The site

Lohra Castle, situated in the heart of Germany in Northern Thuringia, graces the scenic hilly landscape on the edge of a natural reserve area. As one of the largest castles in Thuringia, its historical significance dates to the Middle Ages, boasting a rich heritage that spans over a millennium. Standing tall as a relic of German medieval history, Lohra Castle has its small part in the narrative of the historical evolution of Germany.

The castle's architecture is a testament to the passing centuries, with traces of each era preserved throughout this ensemble of buildings. From medieval fortifications to remnants of an 11th-century tower, and a Romanesque double-floored chapel from the 12th century to a Renaissance-era manor house, Lohra Castle encapsulates a fascinating historical evolution. Even the stables and other agrarian structures from the 19th and early and mid-20th centuries contribute to the ensemble's captivating charm, offering visitors and heritage enthusiasts a glimpse into the past.

Surrounded by a serene forest, Lohra Castle was left vacant for several decades leading to its deterioration. In the 1990s, Open Houses, the parent organisation of European Heritage Volunteers, took up the noble mission of rescuing and revitalising this forgotten monument through cultural activities. This endeavour not only breathed new life into the castle but also provided a space for young people to connect with tangible heritage and appreciate the importance of preserving historical monuments.

Since then, Lohra Castle has become a hub for international engagement. Year after year, a diverse array of activities takes place, including international workcamps, heritage volunteering projects, heritage training courses, seminars, exhibitions, and concerts, all bringing together participants from around the world.


The project

The European Heritage Volunteers Project in 2024 continues the work initiated during the 2023 project, with a special focus on the roof constructions at two historical barns constructed one towards the end of the 19th century and the other one in the first decade of the 20th century, during Lohra Castle's era as a significant regional agricultural centre.

The barn built at the beginning of the 20th century served as a stable for sheep, while the upper floor was used for hay storage. As the grandest building of the ensemble, it boasts an impressive cubature, an elegant roof construction, and interesting design details. Presently used primarily for storage, the castle administration envisions transforming it on a mid-term into an expanded social space for volunteers and visitors, visualising it as a future gathering hall for events.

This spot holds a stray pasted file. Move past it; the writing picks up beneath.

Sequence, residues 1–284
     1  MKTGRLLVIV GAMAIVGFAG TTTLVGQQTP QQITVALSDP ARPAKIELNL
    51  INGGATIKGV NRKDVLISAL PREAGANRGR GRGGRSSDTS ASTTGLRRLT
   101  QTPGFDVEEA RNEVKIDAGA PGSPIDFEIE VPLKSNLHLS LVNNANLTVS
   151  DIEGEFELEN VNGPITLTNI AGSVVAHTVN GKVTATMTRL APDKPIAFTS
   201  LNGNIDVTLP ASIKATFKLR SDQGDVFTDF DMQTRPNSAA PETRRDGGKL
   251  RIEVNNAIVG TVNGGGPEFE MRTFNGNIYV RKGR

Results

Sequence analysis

An intriguing aspect lies in the barn's walls, crafted from limestone ashlars that primarily originated from the once magnificent thirty-meter-high tower dominating the castle's outline. Erected in the 11th century, the tower met its demise during the late 19th and early 20th centuries when its finely cut stones were repurposed for agricultural expansion. Such actions may seem unimaginable today, but they reflect the shifting attitudes towards heritage sites over time.

The other area of work will be at the roof structures of the so-called Black Stable which was built towards the end of the 19th century to accommodate cattle and is today the first building visitors see when entering the castle complex and a typical example of vernacular architecture in the region. Its name comes from it being painted in the traditional black colour often seen for wooden constructions in rural Thuringia. Traditional black paint is used to protect wooden structures, and it is typically made using a mixture of natural ingredients.

During the European Heritage Volunteers Project, damaged sections of the roof constructions at both buildings will be meticulously replaced, aiming to conserve as much of the original substance as possible, despite the barns' relatively young age compared to other structures of the castle ensemble. This approach of careful repair instead of wholesale replacements sensitises participants to the value of original heritage structures, regardless of their age or listing status.

European Heritage Volunteers adheres to accepted conservation practices, implementing slow and careful repairs using traditional and appropriate materials. Emphasis is placed on retaining historic timber joints over modern metal connections, ensuring repaired roof constructions retain their original constructive and aesthetic quality.

The participants will learn how to identify damages and make decisions that preserve the maximum original substance while meeting the structural, static, and aesthetic requirements. From setting up scaffolding to dismantling the roof, replacing damaged or rotten beams, and skilfully connecting new parts with the original structure, they will actively participate in all practical steps of the conservation process.

The educational program will include guided tours and visits to sites showcasing traditional wooden structures in the region surrounding Lohra Castle. This broader perspective will deepen participants' understanding of traditional roof structures and timber construction techniques, enriching their heritage conservation expertise.


The project will take place from September 01st to September 14th, 2024, and is organised by European Heritage Volunteers.

European Heritage Volunteers